So is the meaning of life and your sole purpose to be happy? Or is it simply to experience everything, and then make your own mind up? I once thought owning a Nirvana CD would make me happy. I then attained a Nirvana CD. It was terrible. But thanks to that experience, I was able to discount something in my quest. Is the discounting what actually made me happy?

I honestly have no idea, I’m not certain anybody can ever claim to know, it was just a thought. Apologies for it not being a very concise one.

Johnny Got His Gun – Is Death More Valuable Than Life?

Johnny Got His Gun was written in 1938 by Dalton Trumbo, and fits into the anti-war genre. The story of this novel will be familiar to fans of Heavy Metal giants, Metallica, as it is the topic of their hit song, ‘One’.

The story follows a young soldier named Joe Bonham. Joe was serving in the First World War when he was caught in the middle of an artillery blast. He wakes up in a hospital bed, and as the story continues he begins to realise he has lost his arms and legs, his sight and hearing, and all of his facial features. However, his mind still works as it always has, rendering Joe nothing but a piece of meat with a consciousness.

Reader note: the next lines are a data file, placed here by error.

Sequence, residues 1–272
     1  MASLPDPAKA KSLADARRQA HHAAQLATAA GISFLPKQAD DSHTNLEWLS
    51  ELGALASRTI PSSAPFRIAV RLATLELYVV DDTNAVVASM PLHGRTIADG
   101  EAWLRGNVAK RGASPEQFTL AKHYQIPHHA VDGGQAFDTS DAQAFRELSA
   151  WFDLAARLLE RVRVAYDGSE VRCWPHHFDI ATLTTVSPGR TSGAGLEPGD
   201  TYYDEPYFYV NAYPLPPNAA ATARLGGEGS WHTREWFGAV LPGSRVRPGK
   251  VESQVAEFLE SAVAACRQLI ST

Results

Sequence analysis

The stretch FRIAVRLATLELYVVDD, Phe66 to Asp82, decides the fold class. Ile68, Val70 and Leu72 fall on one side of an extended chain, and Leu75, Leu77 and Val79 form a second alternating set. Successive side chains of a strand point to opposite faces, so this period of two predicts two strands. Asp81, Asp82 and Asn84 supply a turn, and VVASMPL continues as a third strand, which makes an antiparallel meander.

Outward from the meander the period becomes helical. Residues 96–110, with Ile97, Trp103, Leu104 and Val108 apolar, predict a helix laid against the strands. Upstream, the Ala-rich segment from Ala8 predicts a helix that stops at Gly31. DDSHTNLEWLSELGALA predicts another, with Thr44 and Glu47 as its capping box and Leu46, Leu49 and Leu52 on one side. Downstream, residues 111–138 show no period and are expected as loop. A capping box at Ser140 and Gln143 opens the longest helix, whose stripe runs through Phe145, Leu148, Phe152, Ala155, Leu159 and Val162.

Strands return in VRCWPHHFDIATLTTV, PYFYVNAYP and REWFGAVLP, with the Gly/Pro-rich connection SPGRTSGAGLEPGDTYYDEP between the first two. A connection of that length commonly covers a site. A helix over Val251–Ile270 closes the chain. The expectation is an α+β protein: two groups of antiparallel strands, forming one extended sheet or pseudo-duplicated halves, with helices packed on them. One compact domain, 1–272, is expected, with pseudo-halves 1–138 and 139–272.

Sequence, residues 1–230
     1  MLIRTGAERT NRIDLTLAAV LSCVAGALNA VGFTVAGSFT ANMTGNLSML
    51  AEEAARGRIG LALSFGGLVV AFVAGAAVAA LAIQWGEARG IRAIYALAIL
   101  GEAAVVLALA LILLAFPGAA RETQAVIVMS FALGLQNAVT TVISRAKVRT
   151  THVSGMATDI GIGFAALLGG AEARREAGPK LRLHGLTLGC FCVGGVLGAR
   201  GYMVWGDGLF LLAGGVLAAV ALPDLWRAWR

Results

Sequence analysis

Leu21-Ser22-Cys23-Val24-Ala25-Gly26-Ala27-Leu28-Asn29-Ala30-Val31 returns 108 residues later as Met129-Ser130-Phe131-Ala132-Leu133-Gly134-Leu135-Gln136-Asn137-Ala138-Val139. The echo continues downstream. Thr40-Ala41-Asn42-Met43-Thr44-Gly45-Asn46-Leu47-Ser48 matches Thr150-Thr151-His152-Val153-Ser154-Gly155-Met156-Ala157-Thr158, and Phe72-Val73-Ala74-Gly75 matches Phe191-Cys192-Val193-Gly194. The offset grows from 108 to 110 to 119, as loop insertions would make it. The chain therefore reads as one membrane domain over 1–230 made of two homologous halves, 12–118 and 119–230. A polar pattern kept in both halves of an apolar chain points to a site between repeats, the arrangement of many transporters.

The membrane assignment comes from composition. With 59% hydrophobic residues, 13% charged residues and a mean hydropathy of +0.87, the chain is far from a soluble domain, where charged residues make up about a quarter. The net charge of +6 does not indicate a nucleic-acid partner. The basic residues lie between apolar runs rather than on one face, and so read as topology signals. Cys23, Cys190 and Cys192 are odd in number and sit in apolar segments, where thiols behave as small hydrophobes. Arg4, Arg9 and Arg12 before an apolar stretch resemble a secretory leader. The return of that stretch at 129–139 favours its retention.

Naturally, these events cause Joe to yearn for death. But after a while, he begins to realise that he can still serve a purpose. He wishes to be placed in a glass case and taken around the world, to educate people on the turmoil of war. He quickly realises that of course this would never be allowed. He begs the doctors to end his life through using Morse Code, but the doctors seem to be against this decision ethically. Yet ethically they allowed him to survive as a prisoner of his own mind.